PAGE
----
Jobs of tomorrow explored at JHS Career Fair


A career fair committee, comprised of career coordinator Joseph Pirraglia, members of the guidance department and a number of teachers at Johnston High School, hosted a multi-vendor career fair on Wednesday, April 4 from 8 a.m. to 11:30 a.m. There were approximately 80 representatives on site in the school’s gymnasium, allowing students to explore many post-secondary options. There were several colleges and universities present, including The University of Rhode Island Roger Williams University, MTTI, the Johnson & Wales University Culinary and Travel and Tourism majors, the Community College of Rhode Island, Bridgewater State University and UTI.

In addition to the colleges and universities present, there were several military branches represented as well, including the Army and Marines.

B101’s Kristin Lessard and Steve Kelly

were broadcasting live as students circulated around the room, arriving in groups for four, 45-minute sessions throughout the morning. The sessions also provided the students an opportunity to learn more about a wide variety of career options beyond a college education, or instead of. There were local businesses on site such as Tony DeJesus from Big Blue Bug Solutions and Greg Pagliarini from Central Nurseries. There were also careers to explore such as working for the RI Family Court Sheriffs, the FBI or in a wide variety of other career pathways, including medical, forensics, first responders, cybersecurity, finance, corporate and creative careers.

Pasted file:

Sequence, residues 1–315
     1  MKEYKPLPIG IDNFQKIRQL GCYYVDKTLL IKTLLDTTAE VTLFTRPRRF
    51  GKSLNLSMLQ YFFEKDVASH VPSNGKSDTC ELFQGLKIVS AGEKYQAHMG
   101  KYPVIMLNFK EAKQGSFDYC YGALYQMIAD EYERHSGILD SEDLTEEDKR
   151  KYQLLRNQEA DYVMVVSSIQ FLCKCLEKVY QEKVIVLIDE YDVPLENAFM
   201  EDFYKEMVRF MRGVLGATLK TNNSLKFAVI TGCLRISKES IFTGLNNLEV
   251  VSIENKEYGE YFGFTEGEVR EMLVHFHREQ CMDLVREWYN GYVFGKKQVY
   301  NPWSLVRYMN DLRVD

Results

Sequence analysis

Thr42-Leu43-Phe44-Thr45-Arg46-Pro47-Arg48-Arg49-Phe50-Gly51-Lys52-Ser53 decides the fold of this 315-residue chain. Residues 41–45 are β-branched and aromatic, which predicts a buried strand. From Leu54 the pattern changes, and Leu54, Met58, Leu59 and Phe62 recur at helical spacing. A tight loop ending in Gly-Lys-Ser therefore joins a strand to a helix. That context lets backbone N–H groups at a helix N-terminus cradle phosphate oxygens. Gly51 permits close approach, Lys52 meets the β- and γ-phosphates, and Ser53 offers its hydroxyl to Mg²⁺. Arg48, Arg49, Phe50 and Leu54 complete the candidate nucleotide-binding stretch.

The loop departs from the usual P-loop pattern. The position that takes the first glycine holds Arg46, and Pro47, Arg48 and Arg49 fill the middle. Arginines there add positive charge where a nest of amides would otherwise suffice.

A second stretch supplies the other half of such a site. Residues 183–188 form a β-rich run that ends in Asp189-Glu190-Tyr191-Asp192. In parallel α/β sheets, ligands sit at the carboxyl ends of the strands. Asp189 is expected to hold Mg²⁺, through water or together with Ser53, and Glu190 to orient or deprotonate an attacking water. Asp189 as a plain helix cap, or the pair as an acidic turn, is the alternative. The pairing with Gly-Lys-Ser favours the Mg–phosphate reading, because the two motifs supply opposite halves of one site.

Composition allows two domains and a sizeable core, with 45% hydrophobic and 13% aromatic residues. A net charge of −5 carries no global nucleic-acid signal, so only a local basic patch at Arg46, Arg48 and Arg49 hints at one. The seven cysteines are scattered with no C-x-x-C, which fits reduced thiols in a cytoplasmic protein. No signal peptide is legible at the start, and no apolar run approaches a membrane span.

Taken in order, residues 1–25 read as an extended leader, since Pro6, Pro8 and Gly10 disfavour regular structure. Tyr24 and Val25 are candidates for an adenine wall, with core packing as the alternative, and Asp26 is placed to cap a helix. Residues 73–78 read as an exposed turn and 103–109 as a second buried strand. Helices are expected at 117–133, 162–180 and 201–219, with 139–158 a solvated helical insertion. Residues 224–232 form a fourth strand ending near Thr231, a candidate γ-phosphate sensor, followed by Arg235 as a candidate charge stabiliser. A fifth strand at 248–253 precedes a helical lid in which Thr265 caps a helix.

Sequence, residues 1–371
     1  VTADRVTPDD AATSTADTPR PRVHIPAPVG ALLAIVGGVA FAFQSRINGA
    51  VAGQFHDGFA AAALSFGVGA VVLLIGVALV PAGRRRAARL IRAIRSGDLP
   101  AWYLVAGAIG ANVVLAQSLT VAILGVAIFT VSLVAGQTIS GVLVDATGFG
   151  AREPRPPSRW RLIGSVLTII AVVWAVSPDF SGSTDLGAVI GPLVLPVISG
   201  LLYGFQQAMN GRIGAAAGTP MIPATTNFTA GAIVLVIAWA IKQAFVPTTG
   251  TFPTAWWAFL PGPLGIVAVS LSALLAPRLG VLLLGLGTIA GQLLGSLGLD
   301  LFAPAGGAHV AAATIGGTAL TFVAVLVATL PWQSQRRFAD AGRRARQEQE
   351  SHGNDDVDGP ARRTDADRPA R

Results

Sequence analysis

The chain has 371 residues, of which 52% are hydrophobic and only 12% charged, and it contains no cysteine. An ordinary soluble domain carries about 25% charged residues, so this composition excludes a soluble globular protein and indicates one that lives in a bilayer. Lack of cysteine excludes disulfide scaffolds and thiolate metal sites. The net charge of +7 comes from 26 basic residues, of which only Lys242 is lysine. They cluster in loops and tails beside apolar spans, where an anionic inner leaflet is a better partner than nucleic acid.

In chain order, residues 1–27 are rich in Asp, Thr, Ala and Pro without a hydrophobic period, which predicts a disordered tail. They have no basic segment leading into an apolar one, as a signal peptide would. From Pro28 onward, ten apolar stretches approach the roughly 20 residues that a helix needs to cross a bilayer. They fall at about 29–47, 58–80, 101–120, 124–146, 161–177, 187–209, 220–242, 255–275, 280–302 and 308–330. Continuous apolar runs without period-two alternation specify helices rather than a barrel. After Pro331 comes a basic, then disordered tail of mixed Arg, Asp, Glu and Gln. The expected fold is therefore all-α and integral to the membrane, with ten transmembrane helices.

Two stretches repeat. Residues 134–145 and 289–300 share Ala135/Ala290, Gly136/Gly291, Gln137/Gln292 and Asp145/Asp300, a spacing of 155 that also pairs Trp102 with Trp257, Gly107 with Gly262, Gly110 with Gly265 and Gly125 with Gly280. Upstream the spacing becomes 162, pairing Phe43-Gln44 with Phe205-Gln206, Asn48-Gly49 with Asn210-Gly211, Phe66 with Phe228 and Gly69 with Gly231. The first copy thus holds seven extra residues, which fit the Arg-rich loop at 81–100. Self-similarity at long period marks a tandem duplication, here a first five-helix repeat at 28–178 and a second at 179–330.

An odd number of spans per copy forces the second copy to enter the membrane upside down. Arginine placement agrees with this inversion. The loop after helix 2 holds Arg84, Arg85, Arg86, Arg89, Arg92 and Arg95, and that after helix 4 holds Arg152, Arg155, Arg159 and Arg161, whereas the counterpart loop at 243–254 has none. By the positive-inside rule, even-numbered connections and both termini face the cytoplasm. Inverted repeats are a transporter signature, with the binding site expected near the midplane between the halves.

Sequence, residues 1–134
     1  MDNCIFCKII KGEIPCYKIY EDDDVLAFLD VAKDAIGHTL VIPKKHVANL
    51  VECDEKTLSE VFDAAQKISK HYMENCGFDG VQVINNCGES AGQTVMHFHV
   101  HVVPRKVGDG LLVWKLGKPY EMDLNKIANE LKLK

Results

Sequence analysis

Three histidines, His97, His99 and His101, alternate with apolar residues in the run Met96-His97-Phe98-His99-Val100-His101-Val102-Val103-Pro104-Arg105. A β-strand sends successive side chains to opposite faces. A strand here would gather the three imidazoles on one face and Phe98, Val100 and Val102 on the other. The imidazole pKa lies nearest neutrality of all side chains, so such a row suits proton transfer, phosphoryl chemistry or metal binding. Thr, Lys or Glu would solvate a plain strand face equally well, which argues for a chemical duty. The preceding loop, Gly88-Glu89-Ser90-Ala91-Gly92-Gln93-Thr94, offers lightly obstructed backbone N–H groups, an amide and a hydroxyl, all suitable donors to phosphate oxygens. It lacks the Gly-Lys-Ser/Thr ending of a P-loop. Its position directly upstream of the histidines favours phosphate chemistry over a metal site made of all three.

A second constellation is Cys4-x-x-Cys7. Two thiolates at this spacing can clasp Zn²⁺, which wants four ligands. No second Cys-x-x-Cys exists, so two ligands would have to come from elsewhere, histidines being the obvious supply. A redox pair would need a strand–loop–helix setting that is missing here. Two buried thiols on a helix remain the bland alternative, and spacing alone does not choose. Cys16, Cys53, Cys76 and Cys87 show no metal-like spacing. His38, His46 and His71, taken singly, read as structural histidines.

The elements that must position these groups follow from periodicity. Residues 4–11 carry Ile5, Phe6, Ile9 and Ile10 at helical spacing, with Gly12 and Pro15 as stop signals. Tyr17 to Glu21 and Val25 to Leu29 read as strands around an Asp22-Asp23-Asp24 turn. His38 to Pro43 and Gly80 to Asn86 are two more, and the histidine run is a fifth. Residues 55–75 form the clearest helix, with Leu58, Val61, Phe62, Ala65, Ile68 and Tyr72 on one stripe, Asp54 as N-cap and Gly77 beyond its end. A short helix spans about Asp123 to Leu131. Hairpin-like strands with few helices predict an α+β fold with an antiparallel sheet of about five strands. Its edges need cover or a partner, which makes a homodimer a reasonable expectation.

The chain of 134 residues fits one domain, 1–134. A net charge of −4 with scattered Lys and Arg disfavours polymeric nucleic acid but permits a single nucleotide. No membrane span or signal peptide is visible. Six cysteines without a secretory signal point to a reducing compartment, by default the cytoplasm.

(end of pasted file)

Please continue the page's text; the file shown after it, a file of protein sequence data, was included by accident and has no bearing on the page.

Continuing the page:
Throughout the morning the students, who were mostly juniors and some seniors, gathered information, asked questions, and grabbed some swag from the various representatives on site, from drawstring bags to stress balls, pens and notepads, and the like. They had the opportunity to delve more deeply into careers they were interested in and to learn about others they may not have known they had an interest in.

According to Joe Pirraglia, school-based coordinator at JHS, the event was deemed a success by both the vendors who represented the various careers and by the students themselves.

“I thought the career fair went well.  We had a wide cross section of careers.  Many of the career vendors even remarked about the different types of careers in the medical, banking/finance, criminal justice, advanced manufacturing, among others,” he said. “Many of the career vendors represented careers that required a four year college degree, two year degree, and/or technical training.  It was my intent that the career fair would offer career options for all the different level of students. Many of the students said they were really surprised in the number of career vendors that attended. They also said they wished they had more time to meet with other vendors and that all of the career vendors that they talked with were extremely knowledgeable and very friendly.” 


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